The Game Awards creator and host Geoff Keighley explains why popular fan-made games Pokemon Uranium and AM2R were removed from the show’s list of nominees.
A week ago, The Game Awards dropped popular fan-made games Pokemon Uranium and AM2R from its list of nominees. The games were two of four titles nominated in the “Best Fan Creation” category. Although the event’s organizers didn’t make a statement explaining exactly why the games had been removed from the nominees list, many fans speculated that the two fan-made games, which had previously received copyright takedowns from Nintendo, were pulled for legal reasons.
Geoff Keighley, who created and hosts The Game Awards, has now revealed why the games were removed. Confirming fan suspicions, in a recent Twitch stream, Keighley explained that “everything in the show has to be legally cleared by the game companies in question” and that there is a “clearance process where we have to get basically rights from everyone that owns the IPs of the games,” although companies involved are not told in advance who is nominated.
Following the announcement of the nominees, it “became clear” that The Game Awards would be unable to get clearance for Pokemon Uranium and AM2R from Nintendo. Had The Game Awards continued to include the titles, said Keighley, “the show is potentially at risk for take down as well.”
Some may argue that this could have been foreseen and avoided. Given that Nintendo’s copyright takedowns saw over 500 games removed earlier this year (including No Man’s Sky/Mario mashup, No Mario’s Sky), it’s clear that Nintendo would go to great lengths to protect its intellectual property and that it was always unlikely that the company would support the possibility of Pokemon Uranium and AM2R receiving a high profile industry award. Had The Game Awards considered this, then other fan creations that did have the IP-holders’ support could have taken their place (and fans of Uranium and A2MR wouldn’t feel so disappointed).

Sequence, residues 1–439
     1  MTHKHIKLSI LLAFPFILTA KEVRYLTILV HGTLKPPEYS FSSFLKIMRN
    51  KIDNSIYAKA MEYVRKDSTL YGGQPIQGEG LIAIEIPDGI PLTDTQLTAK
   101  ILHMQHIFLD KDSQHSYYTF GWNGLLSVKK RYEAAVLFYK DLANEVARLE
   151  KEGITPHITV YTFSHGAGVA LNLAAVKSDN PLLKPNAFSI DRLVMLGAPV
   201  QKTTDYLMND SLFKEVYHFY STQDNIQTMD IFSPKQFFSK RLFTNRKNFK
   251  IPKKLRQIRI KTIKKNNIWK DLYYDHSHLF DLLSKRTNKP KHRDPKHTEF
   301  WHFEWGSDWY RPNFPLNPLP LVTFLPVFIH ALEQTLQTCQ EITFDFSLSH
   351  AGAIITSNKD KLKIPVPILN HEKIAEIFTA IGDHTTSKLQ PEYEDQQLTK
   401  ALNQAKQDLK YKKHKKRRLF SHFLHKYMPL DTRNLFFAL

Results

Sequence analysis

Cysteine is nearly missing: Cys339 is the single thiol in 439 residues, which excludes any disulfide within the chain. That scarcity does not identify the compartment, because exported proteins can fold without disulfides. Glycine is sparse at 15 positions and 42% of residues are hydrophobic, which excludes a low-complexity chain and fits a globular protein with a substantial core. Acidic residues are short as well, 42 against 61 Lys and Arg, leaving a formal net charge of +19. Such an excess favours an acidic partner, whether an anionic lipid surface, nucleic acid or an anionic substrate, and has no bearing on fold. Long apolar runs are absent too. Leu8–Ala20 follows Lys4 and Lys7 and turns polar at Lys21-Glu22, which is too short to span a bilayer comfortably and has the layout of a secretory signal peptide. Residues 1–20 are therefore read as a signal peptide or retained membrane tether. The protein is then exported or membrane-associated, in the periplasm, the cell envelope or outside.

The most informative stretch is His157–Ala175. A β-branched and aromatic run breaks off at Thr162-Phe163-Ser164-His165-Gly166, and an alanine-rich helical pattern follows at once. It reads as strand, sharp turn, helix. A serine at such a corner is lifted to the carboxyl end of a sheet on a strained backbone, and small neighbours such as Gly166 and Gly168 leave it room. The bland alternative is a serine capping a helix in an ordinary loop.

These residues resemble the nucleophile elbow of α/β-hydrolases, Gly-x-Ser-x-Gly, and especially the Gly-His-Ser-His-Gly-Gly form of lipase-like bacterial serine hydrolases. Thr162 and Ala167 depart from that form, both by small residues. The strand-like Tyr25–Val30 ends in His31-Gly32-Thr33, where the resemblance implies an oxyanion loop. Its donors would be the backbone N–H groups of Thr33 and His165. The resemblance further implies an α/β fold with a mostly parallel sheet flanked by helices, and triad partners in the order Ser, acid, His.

But on the other hand, many will be glad that the games were removed from the list and that The Game Awards and its many planned reveals (including Mass Effect: Andromeda‘s gameplay debut) can continue without a hitch. Moreover, as Keighley told Twitch viewers that he thinks that “fan creations are amazing” and that he “would like nothing more than those creators and Nintendo to figure out a way to collaborate on content,” it sounds as though there is still room for The Game Awards to honor a range of fan creations in future shows – even Nintendo-related creations – provided that they don’t fall into grey legal territory.
The Game Awards will take place on December 1.
Source: Nintendo Everything
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